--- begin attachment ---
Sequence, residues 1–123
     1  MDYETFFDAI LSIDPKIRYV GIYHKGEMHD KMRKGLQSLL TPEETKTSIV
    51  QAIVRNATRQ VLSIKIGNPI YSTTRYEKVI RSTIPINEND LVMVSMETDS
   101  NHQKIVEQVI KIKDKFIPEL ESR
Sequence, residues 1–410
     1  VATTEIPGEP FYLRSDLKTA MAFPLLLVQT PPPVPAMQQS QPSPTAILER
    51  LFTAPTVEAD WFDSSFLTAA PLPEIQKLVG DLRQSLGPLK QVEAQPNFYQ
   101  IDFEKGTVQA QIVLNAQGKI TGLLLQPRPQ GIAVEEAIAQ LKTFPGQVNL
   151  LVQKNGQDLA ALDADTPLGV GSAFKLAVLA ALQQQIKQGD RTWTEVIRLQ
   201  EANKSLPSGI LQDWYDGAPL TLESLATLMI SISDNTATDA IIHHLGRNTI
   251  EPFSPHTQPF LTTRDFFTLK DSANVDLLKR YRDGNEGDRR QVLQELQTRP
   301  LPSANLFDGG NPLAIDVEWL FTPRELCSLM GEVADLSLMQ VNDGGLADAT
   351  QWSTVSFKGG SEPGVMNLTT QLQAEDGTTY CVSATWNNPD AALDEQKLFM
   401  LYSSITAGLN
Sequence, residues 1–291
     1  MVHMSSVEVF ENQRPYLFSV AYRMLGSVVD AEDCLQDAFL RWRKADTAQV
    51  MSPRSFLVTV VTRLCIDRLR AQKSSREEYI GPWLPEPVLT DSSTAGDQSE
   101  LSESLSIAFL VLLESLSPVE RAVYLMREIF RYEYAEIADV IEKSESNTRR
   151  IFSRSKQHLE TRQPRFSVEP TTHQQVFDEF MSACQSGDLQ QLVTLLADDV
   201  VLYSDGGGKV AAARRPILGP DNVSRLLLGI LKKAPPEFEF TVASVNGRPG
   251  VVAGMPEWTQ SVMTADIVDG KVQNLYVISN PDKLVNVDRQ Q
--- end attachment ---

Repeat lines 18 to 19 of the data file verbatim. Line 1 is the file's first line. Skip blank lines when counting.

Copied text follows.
   101  LSESLSIAFL VLLESLSPVE RAVYLMREIF RYEYAEIADV IEKSESNTRR
   151  IFSRSKQHLE TRQPRFSVEP TTHQQVFDEF MSACQSGDLQ QLVTLLADDV